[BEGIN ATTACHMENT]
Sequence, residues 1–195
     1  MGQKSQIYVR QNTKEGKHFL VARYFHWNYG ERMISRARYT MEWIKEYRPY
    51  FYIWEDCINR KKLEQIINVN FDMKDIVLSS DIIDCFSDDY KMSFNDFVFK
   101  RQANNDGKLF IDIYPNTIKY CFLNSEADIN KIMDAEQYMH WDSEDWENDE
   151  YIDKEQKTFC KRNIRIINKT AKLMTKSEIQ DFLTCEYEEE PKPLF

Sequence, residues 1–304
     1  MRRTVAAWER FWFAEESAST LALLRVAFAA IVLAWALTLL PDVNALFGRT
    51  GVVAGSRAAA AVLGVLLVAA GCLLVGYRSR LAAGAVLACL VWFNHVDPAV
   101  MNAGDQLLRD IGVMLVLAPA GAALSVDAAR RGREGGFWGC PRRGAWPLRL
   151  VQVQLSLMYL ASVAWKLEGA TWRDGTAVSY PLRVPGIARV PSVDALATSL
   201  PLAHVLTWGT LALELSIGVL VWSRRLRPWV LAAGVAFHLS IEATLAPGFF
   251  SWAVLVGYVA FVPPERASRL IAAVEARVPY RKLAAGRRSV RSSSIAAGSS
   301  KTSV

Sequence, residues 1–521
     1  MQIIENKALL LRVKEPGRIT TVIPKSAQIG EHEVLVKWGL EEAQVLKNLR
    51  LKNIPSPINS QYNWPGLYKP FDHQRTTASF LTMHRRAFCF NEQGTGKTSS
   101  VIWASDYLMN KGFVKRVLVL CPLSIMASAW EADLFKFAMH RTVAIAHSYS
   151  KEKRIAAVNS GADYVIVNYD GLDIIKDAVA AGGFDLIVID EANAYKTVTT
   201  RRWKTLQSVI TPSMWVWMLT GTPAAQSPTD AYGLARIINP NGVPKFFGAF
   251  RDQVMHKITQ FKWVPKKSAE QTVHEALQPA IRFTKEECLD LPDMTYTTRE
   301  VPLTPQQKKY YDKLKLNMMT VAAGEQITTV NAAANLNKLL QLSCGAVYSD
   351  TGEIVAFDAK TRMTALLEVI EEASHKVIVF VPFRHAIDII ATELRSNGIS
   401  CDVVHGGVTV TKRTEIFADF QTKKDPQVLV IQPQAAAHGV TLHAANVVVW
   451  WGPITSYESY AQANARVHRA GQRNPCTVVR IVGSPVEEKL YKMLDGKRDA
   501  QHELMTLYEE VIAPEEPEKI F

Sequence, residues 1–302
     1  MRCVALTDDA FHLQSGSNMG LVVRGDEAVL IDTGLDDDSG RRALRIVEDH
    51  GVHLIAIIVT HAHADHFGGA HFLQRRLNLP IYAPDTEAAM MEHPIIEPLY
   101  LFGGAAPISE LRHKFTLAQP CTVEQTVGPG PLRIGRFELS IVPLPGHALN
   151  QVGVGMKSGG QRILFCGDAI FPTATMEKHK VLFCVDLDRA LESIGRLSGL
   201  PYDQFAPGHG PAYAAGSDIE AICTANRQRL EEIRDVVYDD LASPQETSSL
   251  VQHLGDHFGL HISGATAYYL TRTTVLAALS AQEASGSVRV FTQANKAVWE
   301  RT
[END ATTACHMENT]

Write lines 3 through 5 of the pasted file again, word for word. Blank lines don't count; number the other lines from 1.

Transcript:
    51  FYIWEDCINR KKLEQIINVN FDMKDIVLSS DIIDCFSDDY KMSFNDFVFK
   101  RQANNDGKLF IDIYPNTIKY CFLNSEADIN KIMDAEQYMH WDSEDWENDE
   151  YIDKEQKTFC KRNIRIINKT AKLMTKSEIQ DFLTCEYEEE PKPLF